Today I’m going to be focusing on Obsessive-Compulsive Disorder (abbreviated OCD), another anxiety disorder. OCD affects 1-2% of the population. While this isn’t a high number, it’s not excluded from media portrayal, by any means (Monk, As Good As It Gets, etc.)
If you’ve never heard of OCD, here’s a brief rundown: Obsessive-Compulsive Disorder is made up of two distinct parts of the disorder: obsessions, and compulsions.
Obsessions are unwanted thoughts, urges, or impulses that cause you an excessive amount of anxiety. While there is no specific definition of what obsessive thoughts are, many people with OCD often report experiencing constant thoughts of harm to themselves or others from an outside force, or frightening images (death of a loved one, natural disasters, etc.). Finally, people with OCD believe their obsessions can be either reduced or eliminated by completing compulsions.
Compulsions are either repeated mental or physical behaviors. The compulsions serve solely to reduce or eliminate the obsessive thoughts. Compulsions can include, but are not limited to: counting, praying, repeating words/sayings, washing things, cleaning, organizing, checking items, and more.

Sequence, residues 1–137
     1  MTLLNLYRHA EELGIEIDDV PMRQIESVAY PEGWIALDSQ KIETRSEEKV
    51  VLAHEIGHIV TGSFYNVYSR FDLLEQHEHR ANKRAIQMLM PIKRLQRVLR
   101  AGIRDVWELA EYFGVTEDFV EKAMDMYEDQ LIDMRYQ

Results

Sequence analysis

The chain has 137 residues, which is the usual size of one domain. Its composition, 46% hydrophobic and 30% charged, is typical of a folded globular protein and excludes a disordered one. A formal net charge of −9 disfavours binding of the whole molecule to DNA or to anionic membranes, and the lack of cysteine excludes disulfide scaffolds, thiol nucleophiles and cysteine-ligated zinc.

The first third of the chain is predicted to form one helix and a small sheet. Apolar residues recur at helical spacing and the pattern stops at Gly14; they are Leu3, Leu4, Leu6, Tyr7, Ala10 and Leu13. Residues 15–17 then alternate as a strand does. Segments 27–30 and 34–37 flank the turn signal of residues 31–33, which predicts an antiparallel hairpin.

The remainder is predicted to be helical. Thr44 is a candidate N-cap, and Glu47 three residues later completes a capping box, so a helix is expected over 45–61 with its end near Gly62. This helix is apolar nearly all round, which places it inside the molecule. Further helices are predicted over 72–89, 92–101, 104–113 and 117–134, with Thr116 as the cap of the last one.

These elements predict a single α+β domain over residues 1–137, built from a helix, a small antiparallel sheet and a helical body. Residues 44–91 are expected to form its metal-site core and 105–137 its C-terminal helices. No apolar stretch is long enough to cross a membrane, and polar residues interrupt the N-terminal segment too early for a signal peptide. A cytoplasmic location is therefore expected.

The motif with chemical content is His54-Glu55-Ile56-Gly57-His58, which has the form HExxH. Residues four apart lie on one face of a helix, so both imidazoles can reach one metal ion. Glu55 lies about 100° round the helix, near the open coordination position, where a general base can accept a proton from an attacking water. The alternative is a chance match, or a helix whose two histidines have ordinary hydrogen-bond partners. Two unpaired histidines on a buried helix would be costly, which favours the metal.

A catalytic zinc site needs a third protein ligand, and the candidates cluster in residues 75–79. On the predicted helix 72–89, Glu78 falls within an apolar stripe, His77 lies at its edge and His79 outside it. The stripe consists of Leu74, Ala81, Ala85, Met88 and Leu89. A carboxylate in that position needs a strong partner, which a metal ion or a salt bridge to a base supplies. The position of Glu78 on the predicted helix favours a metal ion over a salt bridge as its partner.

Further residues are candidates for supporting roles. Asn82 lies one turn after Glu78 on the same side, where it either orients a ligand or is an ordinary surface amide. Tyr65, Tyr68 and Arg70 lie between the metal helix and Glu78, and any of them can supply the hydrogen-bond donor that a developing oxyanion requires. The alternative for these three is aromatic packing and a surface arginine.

To be diagnosed with Obsessive-Compulsive Disorder, you have to:
- Have obsessions:
- Have constant unwanted thoughts/urges/impulses that cause you a lot of anxiety
- Attempt to ignore or reduce by completing some sort of action (“compulsion”)
- Have compulsions:
- Complete repetitive physical or mental behaviors that you feel driven to complete because of your obsessive thought
- Complete the tasks to either reduce/eliminate anxiety from obsessions, or to prevent a horrible outcome
- Spend at least 1 hour a day focusing on obsessions or completing compulsions
- Struggle to complete other activities, like school or work
- your symptoms from another diagnosis or drugs
People with OCD might vary in their awareness of their obsessions and compulsions. You may meet someone who is oblivious to their actions and you may also encounter someone who is totally aware their thoughts and actions make no sense. Both of these people still experience the same symptoms and inability to control their actions.
If you think you might have OCD, consult a medical and/or psychiatric professional.
How OCD Works
OCD is a vicious cycle, however, can be simply described: OCD is the relentless fear that something bad will happen (obsession) UNLESS you do a specific activity (compulsion). So obsessions are the thoughts and compulsions are the actions. To reduce the anxiety from the thoughts, you have to complete the action.